In research[16] carried out by Dr Konstantinos Farsalinos and others, vapers stated that the availability of flavours was “very important” in their effort to reduce or quit smoking. This research also found that the majority of vapers would find e-cigarettes “less enjoyable” or “boring” if flavours were restricted, while 48.5 per cent of vapers stated that it would increase their cravings for tobacco cigarettes and 39.7 per cent of vapers said that without flavours it would have been less likely for them to reduce or quit smoking.

This major piece of research concluded:


  • That far from marketing flavours to attract children, flavours are marketed to ‘satisfy vapers’ demand’,
  • Flavours contribute to both perceived pleasure and the effort to reduce or quit smoking,
  • Restrictions on flavours could cause harm to current vapers, and
  • Current flavour variability must be maintained.


The proliferation of flavours reinforces that view that these are recreational consumer products, not smoking cessation aids, medicines or tobacco products.

We welcomed the decision by both the UK and Welsh governments to introduce bans on the sale of e-cigarettes to under 18s. As 99.9 per cent of e-cigarette users are current or former smokers, such a move was not just responsible, it was also common sense. It will now be up to the authorities to enforce this ban. As an aside, perhaps you could inform us as to which pizza takeaways in North Wales were selling e-cigarettes. A number of vapers took the time to call round such places and were unable to find a single one selling e-cigarettes.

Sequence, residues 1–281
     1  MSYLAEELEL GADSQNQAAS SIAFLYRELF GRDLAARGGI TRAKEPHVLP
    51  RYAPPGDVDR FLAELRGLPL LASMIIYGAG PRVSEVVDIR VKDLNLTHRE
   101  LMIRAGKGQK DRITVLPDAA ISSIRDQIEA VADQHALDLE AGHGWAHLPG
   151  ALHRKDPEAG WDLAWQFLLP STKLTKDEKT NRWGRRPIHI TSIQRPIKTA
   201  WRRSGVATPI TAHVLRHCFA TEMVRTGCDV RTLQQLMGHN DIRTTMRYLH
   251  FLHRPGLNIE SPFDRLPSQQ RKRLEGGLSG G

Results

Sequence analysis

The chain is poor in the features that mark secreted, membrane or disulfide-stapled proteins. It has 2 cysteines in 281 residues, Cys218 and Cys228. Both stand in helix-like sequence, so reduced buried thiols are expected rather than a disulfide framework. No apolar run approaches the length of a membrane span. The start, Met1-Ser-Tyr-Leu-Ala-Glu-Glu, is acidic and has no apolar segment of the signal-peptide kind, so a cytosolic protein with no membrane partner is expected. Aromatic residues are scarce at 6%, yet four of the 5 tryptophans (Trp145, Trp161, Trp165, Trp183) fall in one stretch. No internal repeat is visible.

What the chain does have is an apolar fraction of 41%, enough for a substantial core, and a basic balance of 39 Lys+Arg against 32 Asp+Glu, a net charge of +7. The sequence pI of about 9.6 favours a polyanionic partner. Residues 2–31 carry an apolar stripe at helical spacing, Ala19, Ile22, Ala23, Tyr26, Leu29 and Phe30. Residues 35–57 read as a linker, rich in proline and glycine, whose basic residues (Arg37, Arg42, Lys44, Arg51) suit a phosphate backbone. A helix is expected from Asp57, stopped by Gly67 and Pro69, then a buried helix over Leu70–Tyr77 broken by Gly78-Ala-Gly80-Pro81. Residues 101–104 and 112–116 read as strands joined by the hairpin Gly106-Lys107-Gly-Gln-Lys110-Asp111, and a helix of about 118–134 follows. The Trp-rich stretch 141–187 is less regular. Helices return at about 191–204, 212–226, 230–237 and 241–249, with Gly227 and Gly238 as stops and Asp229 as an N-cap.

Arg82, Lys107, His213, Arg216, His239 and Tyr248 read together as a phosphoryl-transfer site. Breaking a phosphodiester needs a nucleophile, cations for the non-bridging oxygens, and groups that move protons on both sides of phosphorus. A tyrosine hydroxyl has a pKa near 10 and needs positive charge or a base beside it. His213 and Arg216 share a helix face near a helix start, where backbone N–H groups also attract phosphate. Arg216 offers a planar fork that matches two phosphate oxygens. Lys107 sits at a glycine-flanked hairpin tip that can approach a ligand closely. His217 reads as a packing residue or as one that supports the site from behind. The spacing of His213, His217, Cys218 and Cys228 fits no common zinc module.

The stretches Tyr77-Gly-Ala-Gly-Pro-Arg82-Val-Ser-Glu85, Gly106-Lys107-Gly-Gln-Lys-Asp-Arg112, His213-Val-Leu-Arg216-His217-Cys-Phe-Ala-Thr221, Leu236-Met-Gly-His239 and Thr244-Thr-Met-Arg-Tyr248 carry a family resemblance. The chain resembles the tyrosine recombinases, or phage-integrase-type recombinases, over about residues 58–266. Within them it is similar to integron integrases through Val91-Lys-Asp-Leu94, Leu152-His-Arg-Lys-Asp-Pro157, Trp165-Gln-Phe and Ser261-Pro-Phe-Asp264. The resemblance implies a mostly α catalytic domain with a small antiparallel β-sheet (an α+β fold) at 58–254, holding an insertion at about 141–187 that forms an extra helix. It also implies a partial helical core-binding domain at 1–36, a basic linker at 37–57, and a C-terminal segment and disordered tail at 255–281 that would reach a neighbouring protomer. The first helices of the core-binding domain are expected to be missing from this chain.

In your piece you raise the issue of passive vaping and cite countries where public vaping bans have been introduced, including Wales where such a ban has been proposed.

The ban on smoking in enclosed public places was introduced to benefit the health of non-smokers whose health was put at risk as a result of being in close proximity to smokers. Therefore any proposal to include e-cigarettes within this ban must also be to protect the health of non-vapers.

Is passive vaping dangerous? A major scientific study undertaken by Dr Konstantinos Farsalinos and Professor Riccardo Polosaconcluded that the ‘effects of e-cigarette use on by-standers are minimal compared with conventional cigarettes.’[17]

One of the examples you cite, of a country that has introduced a public vaping ban, is Spain. Following the introduction of the ban in Spain there has been a 70 per cent fall in the number of vapers and a 60 per cent decrease in the number of vaping shops[18]. People that had made the switch to e-cigarettes are unfortunately now smoking again. Surely this is not something you would like to see repeated elsewhere?